Modern paleomagnetic methods using superconducting magnetometers (paired with ultra-clean acid-washed sample holders) have high enough sensitivity to obtain very high-quality paleomagnetic records from carbonate rocks (limestones, dolostones). Such high-sensitivity is necessary since the concentration of magnetic minerals is generally low in carbonate rocks resulting in magnetizations that can be quite weak. These rocks are a potentially quite powerful paleomagnetic archive where in an ideal situation their magnetization would be dominated by a primary signal that could be used to determine past latitude and paleogeography. Not only are carbonate rocks abundant throughout the geological record, but furthermore as chemically precipitated sediments they can provide geoscientists with invaluable information about the physical, chemical and biological conditions in ancient environments. Geochemical data from carbonate rocks inform much of our understanding of how the surface of the Earth has changed through time as they can reveal changes to the carbon cycle as well as the cycles of other major and trace elements. Thus, the potential to pair information about paleogeographic data with these other types of data is quite compelling.

However, there have been multiple well-documented examples of remagnetization of carbonate rocks. A central example of such remagnetization is in Paleozoic limestones of eastern North America where the primary remanence is completely obscured by subsequent remagnetization (itself of an ancient origin). However, there certainly are are primary magnetic minerals in limestones and convincing examples where primary magnetization has been preserved on geological timescales. Are there ways we can gain insight into whether a carbonate rock records a primary signal or if its magnetization is dominantly a secondary signal.


Adjacent to mountains the lithosphere bends in response to the heavy load creating a foreland basin. As mountains grow, continual weathering and erosion shed sediment into this depression. The changing composition of this sediment records the history of the mountain belt giving us insight into its development.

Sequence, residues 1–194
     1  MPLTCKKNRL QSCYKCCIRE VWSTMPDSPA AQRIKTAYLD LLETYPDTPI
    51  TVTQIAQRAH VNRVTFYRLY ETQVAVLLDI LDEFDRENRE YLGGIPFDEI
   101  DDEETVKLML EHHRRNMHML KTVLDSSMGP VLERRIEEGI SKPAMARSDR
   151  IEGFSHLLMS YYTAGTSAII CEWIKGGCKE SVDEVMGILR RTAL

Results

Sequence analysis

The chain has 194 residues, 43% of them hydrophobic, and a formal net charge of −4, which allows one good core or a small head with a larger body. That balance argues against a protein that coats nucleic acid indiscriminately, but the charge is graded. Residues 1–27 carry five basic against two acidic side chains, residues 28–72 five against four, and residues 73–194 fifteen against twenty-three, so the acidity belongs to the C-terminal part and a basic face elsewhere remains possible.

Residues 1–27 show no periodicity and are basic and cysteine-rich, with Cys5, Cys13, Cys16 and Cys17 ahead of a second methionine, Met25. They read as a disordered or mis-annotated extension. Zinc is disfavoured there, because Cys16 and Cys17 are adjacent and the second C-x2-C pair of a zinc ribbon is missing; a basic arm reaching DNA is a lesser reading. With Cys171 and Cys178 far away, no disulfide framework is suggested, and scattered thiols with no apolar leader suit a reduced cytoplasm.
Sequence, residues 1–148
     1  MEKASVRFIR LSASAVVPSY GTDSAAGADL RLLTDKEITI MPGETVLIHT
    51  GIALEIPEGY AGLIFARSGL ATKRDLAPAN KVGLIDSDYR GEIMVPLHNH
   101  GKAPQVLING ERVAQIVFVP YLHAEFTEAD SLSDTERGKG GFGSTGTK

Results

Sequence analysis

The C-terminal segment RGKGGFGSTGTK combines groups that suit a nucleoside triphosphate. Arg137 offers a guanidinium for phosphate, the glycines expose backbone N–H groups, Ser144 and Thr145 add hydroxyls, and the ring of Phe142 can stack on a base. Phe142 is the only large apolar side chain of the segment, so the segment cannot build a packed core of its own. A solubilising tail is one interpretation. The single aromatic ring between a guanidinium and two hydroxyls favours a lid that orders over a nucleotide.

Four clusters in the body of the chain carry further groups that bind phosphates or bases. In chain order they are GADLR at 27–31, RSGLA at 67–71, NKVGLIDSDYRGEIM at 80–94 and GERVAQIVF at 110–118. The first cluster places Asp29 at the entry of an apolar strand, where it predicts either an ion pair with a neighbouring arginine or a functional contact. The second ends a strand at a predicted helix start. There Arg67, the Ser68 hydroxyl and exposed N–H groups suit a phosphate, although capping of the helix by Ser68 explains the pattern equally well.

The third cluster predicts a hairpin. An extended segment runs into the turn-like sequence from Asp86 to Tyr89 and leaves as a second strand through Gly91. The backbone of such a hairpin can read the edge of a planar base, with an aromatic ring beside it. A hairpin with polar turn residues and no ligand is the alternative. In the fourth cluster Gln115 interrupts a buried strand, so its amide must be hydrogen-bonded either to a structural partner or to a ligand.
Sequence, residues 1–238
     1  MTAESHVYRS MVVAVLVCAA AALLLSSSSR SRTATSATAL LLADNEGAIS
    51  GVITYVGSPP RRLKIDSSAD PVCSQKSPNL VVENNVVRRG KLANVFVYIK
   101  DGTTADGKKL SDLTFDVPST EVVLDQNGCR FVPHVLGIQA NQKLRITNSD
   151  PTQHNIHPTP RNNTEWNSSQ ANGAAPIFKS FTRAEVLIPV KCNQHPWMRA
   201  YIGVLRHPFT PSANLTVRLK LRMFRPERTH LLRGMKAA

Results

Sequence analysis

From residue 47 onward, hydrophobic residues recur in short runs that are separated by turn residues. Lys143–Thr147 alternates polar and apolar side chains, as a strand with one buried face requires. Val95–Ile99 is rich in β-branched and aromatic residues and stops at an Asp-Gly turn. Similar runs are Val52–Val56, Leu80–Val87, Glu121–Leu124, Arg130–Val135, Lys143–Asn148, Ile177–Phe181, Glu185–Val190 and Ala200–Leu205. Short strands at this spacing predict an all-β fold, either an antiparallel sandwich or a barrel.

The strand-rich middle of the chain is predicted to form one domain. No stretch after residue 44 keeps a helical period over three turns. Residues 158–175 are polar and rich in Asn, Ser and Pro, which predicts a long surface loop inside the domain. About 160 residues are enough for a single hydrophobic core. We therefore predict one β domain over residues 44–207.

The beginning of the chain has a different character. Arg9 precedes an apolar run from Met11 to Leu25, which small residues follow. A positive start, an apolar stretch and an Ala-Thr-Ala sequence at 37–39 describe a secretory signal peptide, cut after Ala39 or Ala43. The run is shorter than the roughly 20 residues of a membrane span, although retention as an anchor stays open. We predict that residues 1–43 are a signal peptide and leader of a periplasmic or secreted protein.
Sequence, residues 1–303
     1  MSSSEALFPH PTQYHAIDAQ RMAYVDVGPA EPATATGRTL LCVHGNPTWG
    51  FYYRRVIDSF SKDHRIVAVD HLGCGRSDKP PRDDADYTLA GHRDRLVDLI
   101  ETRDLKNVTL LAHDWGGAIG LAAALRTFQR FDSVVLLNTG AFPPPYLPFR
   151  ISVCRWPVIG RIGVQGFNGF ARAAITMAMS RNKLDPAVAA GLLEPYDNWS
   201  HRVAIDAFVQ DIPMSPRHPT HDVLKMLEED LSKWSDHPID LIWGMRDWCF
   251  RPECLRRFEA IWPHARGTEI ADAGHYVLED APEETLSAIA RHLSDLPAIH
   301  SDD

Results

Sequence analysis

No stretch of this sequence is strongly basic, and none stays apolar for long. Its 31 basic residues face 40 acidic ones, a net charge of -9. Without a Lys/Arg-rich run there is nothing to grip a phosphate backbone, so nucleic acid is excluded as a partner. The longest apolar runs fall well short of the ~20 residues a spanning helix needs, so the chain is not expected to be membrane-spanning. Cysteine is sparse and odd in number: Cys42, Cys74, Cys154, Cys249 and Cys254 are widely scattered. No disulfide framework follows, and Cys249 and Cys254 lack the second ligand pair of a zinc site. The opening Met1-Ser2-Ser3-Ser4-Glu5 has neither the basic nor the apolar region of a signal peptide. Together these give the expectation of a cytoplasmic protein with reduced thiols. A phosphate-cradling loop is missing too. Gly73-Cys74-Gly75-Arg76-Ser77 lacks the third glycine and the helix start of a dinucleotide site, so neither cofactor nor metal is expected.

One of the strongest proposed connections between tectonics and climate in Cenozoic Earth History is the hypothesis that the opening of the oceanic pathway between the southernmost Andes and the Antarctic peninsula thermally isolated Antarctica 35 million years ago. Once this passage was opened the strong Antarctic Circumpolar Current developed around the continent hindering the passage of warm-water gyres and in the process facilitating the glaciation of the continent. The role the opening of the Drake Passage played in the initial glaciation of Antarctica is currently a subject of hot debate. A better understanding of the timing of the passage’s opening is needed in order to  further evaluate the connection between the tectonic processes that formed the passage and the climatic transition.
Working with the illustrious Team Barbeau (the tectonics and sedimentation lab at the University of South Carolina led by Prof David Barbeau), I have been part of a project designed to further understand the history of the southernmost Andes. Unlike the majority of the Andes that run north-south the southernmost Andes curve into the Patagonian Andes and run east-west forming the northern margin of the Drake Passage. U/Pb age data from detrital zircons collected from the Magallanes foreland basin show a distinct shift in the sources that were contributing zircon grains to the basin at the end of the middle Eocene.

We interpret this shift in the zircon composition of the sediment as resulting from a peak in tectonic activity that caused out-of-sequence thrusting and led to the development of a structural blockage that prevented zircons of the Patagonian batholith from reaching the basin. The timing of this shift falls right between the first geochemical evidence for Pacific waters entering the Atlantic and the major glaciation event suggesting a connection between increased tectonism in the sourthernmost Andes and the deepening of the Drake Passage. A paper describing these results was published in 2009 in Earth and Planetary Science Letters (doi:10.1016/j.epsl.2009.05.014).

Over the past three years members of Team Barbeau have ventured across the Drake Passage to extend the fieldwork and to develop constraints on the composition of age-equivalent strata in Antarctica. The group has also been developing thermochronology data that constrains the timing of uplift in both the southernmost Andes and the Antarctic Peninsula. Information about this ongoing work and the expeditions themselves can be found at the SCOTIA project website. I joined an expedition to the Antarctic Peninsula abroad the Laurence M. Gould research vessel from mid-November to late-December of 2009 as we continued to work to unravel the connections between tectonic motions and climatic change. Photos from this recent expedition can be found here.

Lonar Crater, India: Bolide impact in basalt as an analog for planetary surface processes and magnetization.

Rappelling into a well while mapping the Lonar Crater ejecta blanket (photo and illustration from Maloof et al., 2009)